Saving the body politic
March 26, 2001
by Amy Kauffman
Financial Times (London), March 21, 2001
HEADLINE: COMMENT & ANALYSIS: Saving the body politic: Campaign finance reform should concentrate on raising present limits on donations and giving tax credits, argue:
Advocates of campaign finance reform in the US approach the problem like medieval surgeons: having determined that money is corrupting the body politic, they bring razors and leeches to bleed as much money from the system as possible. In fact, they should be doing just the opposite.
At present, individuals are allowed to contribute up to Dollars 1,000 in "hard money" to individual candidates but unlimited sums of "soft money" to political parties. The distinction may have made sense in 1974 when the limits were set but national parties have come to treat soft money contributions almost exactly as they do hard ones. There should be only one kind of contribution with one set of regulations governing it.
Senators John McCain and Russ Feingold, whose reform bill is being debated in Congress this week, are correct in arguing that soft money, which is unlimited and unaccountable, should be banned. By eliminating soft money, we could simplify the campaign finance system.
But this is only part of the solution. Soft money donations have increased exponentially because candidates need more money to compete. Federal hard dollar limits have not been increased since 1974. And unless we raise contribution limits substantially, soft money donors will have a real incentive to exploit new loopholes for funnelling their donations.
We must return responsibility to candidates for their own campaigns, encourage more citizens to get involved and make the system accountable to the general public. There are three radical changes that could improve the system.
First, raise contribution limits significantly, perhaps even as high as Dollars 10,000. One of the unintended consequences of the soft/hard money distinction has been to make candidates dependent on their parties and on "independent" third-party groups for big expenditures. As a result, the national parties have undue influence in the direction, message and priorities of candidates' campaigns. The supposedly "independent" issue advocacy groups often hold candidates hostage to their agenda through threats of broadcast retribution.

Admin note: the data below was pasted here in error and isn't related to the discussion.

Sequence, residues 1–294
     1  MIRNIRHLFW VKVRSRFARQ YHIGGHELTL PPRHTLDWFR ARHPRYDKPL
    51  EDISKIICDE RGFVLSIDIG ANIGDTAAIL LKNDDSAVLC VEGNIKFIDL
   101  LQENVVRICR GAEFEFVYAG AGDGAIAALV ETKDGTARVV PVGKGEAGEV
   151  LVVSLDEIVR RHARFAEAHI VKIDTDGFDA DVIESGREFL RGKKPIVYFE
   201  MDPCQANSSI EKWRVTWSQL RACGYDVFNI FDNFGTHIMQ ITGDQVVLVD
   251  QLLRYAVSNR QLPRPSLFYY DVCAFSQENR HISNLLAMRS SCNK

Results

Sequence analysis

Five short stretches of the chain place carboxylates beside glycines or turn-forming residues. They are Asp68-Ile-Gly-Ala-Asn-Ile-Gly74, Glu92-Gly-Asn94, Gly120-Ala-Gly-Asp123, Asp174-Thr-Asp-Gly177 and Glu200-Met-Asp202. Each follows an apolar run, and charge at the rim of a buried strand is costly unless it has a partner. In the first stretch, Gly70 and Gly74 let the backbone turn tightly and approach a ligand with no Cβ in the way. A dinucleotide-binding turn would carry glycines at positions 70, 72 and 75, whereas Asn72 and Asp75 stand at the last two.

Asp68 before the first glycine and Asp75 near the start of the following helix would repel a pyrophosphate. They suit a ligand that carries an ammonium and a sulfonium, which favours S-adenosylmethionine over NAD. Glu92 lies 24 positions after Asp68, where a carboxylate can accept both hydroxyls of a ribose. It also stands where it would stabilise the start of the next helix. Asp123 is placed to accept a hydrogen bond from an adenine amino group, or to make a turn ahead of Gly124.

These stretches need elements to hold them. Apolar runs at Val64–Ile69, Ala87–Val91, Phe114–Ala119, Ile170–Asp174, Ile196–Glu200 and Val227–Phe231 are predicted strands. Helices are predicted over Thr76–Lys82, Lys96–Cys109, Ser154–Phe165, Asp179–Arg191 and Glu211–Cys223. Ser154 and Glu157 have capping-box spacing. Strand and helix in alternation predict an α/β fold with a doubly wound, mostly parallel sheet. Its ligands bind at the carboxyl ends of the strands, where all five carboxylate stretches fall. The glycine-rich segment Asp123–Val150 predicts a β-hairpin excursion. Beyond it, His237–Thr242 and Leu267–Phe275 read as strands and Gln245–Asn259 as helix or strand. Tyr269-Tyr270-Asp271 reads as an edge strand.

Raising contribution limits would return campaigns to candidates and free politicians from eternally chasing smaller cheques rather than governing. It would also allow contributors to channel funds directly to the candidates they support rather than to the national parties' soft money slush funds.
In addition, current limits on individual aggregate donations to Dollars 25,000 a year - Dollars 1,000 per candidate and Dollars 20,000 to the national parties - need to be doubled and changed to allow contributors to spend the total sum in any combination. This reform would give the donors greater control in putting their money where they want it to go.
Second, we need to bring back smaller donors by reintroducing a full tax credit for contributions under Dollars 250. Until the 1986 tax reform, the Internal Revenue Service Code allowed small contributors to deduct donations. Eliminating this deduction had an adverse impact on smaller donations.
Third, we should enforce complete internet disclosure of all contributions within 48 hours of receipt. George W. Bush's presidential campaign website very nearly met this standard. His efforts ought to be mandated. Part of the reason soft money is so unaccountable is that it takes months for donations to be disclosed. Immediate disclosure would create a searchable database of donors that could be accessed by the public.
Disclosure must also apply to donors giving Dollars 25,000 or more to independent issue advocacy groups. Unconnected in any official capacity with candidates, these groups have often taken to running aggressive adverts that, if placed by the candidates themselves, would do them serious political harm.
In 1958, the Supreme Court found in the National Association for the Advancement of Coloured People versus Alabama that associations were not obliged to disclose their membership lists for fear of reprisals against individual members. Citing that precedent, phantom groups today run political adverts, say what they like, and then vanish, unaccountable for their actions, as candidates reap the rewards of their unscrupulous doings. The truth is that disclosure today does not pose the same risks as it did for NAACP members in 1958. A disclosure threshold of Dollars 25,000 for issue advocacy groups
would still allow anonymous contributions under that level.
Each senator who will be voting this week knows the realities of modern campaigning. It takes money to win. It should be money that is regulated and accountable. Eliminating soft money, raising individual campaign donation limits, restoring the tax credit for smaller donations and increasing disclosure would go a long way to reforming the system.
Amy Kauffman was formerly Director of Congressional Relations at Hudson Institute.